These surrealist line portraits were one of my students favorite projects and one of mine as well!
The first step is choosing a face from a magazine. I gave them the choice of using a human or animal face, mostly because all my magazines are National Geographics! We talked a little about scale and decided that faces about the size of their palm would work best. That gave them a great frame of reference as they looked through the magazines. Once they found their face they cut it out, making sure to cut away any hair and background details. We wanted BALD faces!
Next they glued their faces to a regular piece of paper. Then using their pencil they lightly drew on hair shapes. This is where a lot of creativity started to show. Once they had drawn on the hair shapes, it was time to add the body and clothes. We aren’t looking for realistic here so nothing had to be perfect!
Once everything is lightly drawn on, they went back over it with a Sharpie to outline it. Then they started filling in each of the hair shapes with small line patterns. I really emphasized the small part, because it helps your portrait feel more cohesive when it’s done to have them in similar scale.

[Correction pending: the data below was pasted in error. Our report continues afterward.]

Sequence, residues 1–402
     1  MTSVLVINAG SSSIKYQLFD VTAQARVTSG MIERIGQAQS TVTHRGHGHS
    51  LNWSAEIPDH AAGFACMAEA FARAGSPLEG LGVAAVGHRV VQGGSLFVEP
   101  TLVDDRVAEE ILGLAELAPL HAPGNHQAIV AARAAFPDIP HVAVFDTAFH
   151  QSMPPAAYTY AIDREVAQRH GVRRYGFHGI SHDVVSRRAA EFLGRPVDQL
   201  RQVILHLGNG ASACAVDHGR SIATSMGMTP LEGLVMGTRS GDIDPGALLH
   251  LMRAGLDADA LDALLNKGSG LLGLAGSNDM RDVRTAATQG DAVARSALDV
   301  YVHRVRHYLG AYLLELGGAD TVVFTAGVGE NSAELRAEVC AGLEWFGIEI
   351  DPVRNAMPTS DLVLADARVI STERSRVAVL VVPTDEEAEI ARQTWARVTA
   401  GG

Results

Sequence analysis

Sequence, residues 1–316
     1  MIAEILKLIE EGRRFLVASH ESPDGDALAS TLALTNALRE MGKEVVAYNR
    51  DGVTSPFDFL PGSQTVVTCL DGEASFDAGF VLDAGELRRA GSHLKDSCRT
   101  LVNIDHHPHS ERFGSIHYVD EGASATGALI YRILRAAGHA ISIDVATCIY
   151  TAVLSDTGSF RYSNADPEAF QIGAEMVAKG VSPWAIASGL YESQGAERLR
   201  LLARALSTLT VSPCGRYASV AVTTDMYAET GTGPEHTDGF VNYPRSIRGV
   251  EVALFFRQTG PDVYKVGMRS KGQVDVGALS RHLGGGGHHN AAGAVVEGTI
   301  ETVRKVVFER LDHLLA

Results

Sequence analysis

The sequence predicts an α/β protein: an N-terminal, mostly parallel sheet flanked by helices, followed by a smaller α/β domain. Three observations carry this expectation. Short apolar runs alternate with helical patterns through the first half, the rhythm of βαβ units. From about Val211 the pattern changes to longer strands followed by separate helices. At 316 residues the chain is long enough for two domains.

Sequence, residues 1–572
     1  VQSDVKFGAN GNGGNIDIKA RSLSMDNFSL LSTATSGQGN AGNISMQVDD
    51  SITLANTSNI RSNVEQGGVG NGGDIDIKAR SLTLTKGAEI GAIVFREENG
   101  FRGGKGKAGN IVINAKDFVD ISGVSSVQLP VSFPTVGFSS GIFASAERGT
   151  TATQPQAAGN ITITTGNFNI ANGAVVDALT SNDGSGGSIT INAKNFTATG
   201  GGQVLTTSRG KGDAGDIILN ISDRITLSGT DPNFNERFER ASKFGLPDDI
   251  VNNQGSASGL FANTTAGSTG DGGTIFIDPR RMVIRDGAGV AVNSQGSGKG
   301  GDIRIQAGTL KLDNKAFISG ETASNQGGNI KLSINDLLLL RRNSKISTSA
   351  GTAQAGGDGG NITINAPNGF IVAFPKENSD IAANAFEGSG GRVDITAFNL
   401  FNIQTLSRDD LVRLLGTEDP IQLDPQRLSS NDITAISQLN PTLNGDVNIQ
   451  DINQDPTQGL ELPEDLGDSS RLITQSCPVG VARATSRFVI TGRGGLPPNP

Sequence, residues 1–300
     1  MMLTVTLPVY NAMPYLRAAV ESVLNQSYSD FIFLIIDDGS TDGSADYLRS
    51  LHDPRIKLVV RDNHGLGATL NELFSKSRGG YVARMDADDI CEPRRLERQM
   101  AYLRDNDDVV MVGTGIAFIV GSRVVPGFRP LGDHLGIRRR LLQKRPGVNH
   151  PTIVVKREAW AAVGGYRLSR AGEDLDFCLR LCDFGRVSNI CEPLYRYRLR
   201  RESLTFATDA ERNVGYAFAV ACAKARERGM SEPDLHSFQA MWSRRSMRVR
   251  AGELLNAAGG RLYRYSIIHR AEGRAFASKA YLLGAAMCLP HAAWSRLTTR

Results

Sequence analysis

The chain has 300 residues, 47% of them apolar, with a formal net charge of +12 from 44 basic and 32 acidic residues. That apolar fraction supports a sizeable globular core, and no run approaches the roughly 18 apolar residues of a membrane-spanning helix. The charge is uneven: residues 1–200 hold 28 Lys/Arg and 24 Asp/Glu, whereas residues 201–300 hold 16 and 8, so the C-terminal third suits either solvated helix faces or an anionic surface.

Then it was time to add patterns to the body and clothes. For these sections I had them use medium sized patterns. I also projected a bunch of example patterns on the board and those are attached at the bottom of this post.
The last step is to add a background. You got it, a large pattern! For this part they chose one shape to repeat across the background of the paper. Whether it was circles, triangles, squares or something else it was a big bold statement.
When it came time to paint them I wanted to add a mini lesson on watercolor in. I quickly taught them three different watercolor techniques. The one that they already knew was a flat wash – painting a uniform color over a space. I also showed them how to do a graduated wash – an ombre effect made by painting a very saturated brush in a single line and pulling the color down with either a clean wet brush or gravity, and an outline – where they simply outlined their shapes in color.
I then told them that they had to use a different technique for each section. For example, if they made the hair a fill, and the body a wash, the background had to be an outline.
I think this was one of our more successful projects for a few reasons, but mostly because of the level of choice the kids got. They had a lot of freedom and yet some pretty specific guidelines. This allowed them to feel really in control of the project from start to finish and yet enabled then to end up with a well composed final product!